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The Lightning Round Method: From Prototype to Start-Up Success

Three easy steps to help you jumpstart your company and attract potential investors.


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Dennis Lenard

2 years ago | 2 min read

How do you transform an idea into a tangible prototype? Patented by many high-energy founders, the Lightning Round method promises results — fast. If you're looking to jumpstart your company and attract potential investors, these three easy steps will help you get started.

There's a fair share of daydreaming involved in launching a successful strat-up. It's easy to fall into the trap of thinking about the product as if it's already famous, especially when it doesn't even exist.

That's how our brain is hardwired. These fantasies may keep founders motivated, but more often than not make-believe can sabotage the best of efforts. No one should let the trickery of the human mind impede their professional growth.

If our dreams are a major source of motivation, that motivation must translate into hard work. The first step on the steep climb towards affirmation is creating a prototype of your product.

Typically, there are several steps one must go through before creating a prototype. Thorough research, user personas, user needs, and information architecture are just the first few that come to mind.

Contrastively, a lot of founders are so enthusiastic about their idea that they find it difficult to channel their energy into these abstract activities. The Lightning Round method is a radical alternative to traditional prototyping sequences. Forget the preliminary work - take some time out of your day to create your prototype. Choose your favorite prototyping tool and go with your gut.

Set the timer for one hour and surrender to intuition in order to bypass emotional standstills. Keep water nearby to avoid getting up. Make sure to spend every minute doing instead of internally debating whether the prototype is viable. This is not the time for pros and cons. Don't stop until the hour is up.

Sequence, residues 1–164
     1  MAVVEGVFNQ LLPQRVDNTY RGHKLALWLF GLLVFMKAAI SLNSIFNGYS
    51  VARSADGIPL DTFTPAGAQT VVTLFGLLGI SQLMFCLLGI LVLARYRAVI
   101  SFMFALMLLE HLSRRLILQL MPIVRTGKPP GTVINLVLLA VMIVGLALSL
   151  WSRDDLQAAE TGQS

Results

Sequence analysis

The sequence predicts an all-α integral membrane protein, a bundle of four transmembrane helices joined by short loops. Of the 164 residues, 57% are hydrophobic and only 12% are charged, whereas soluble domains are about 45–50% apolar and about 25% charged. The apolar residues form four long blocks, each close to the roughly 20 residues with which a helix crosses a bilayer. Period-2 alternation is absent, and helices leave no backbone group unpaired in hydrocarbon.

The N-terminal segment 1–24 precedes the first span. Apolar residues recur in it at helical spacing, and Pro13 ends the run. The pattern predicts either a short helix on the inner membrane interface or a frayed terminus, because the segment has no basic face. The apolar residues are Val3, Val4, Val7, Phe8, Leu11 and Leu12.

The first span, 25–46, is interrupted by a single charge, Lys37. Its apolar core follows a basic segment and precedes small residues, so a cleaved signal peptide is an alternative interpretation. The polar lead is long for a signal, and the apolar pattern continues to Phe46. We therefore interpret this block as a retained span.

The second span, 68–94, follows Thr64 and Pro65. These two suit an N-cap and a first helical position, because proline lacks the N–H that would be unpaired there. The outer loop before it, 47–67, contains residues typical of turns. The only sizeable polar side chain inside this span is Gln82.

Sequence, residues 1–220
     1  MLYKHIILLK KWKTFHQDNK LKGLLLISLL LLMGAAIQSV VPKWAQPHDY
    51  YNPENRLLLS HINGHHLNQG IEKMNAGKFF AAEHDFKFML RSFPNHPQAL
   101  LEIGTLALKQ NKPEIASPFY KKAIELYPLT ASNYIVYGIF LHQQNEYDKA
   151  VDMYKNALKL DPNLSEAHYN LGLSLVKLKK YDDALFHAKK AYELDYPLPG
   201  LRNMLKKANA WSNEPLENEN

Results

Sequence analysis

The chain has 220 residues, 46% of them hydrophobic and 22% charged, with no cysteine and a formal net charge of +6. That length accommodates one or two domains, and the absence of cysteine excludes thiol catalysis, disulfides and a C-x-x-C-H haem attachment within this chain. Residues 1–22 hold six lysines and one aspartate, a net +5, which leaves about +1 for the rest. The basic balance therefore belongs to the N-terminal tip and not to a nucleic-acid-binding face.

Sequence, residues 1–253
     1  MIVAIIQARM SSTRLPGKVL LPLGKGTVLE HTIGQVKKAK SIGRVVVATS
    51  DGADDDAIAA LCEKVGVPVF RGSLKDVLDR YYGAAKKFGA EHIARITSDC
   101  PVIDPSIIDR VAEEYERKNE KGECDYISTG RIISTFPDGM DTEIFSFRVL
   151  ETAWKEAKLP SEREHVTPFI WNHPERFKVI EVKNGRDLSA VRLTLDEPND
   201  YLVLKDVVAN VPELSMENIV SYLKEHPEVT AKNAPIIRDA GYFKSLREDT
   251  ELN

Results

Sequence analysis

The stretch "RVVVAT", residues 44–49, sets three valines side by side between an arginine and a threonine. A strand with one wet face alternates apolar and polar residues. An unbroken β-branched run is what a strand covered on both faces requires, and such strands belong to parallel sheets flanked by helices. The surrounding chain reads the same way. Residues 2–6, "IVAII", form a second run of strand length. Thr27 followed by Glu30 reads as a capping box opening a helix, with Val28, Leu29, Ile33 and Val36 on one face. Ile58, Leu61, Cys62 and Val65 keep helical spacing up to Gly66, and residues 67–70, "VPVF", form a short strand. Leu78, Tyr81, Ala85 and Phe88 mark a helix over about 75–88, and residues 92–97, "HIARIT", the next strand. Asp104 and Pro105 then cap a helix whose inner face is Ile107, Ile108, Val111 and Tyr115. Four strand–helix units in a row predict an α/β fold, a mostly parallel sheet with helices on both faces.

This intense session should be followed up by a well deserved break. Do something else for half an hour in order to regain a fresh perspective of your work once you return to it. Once you're back to the drawing board, finish adding the features you didn't have time for initially. You don't need to time this stage.

After another thirty minute break, you should organize your workspace in your prototyping tool of choice. This helps you work more systematically and keeps your emotions in check.

When you're done, distract yourself for another half an hour. It's important to give your mind time to rest for the final stage of the Lightning Round. Look carefully at each section of your prototype and add in the minute details. Take as much time as you need. During this step, time pressure can be an unwanted stressor.

The Lighting Round method helps you create a tangible asset within a day. At the end of the sprint, you'll have a prototype that you can show to developers or designers in order to ask for quotes. If you really like the results, you can even present them to prospective investors.

To resume, the Lightning Round method has 3 easy steps:

  1. A one hour prototyping sprint followed by a 30 minute break;
  2. An untimed systemizing session followed by a 30 minute break;
  3. The addition of finishing touches.
Our dreams remain major motivators, but being able to look at your completed prototype for the first time is a step forward in the right direction. Passion and action combined drive success. Getting caught up on one or the other can make you lose sight of your goals.

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Created by

Dennis Lenard

CEO of Creative Navy UX Agency

CEO of top UX agency Creative Navy. Passionate about embedded GUI design and medical device design. https://creative.navy


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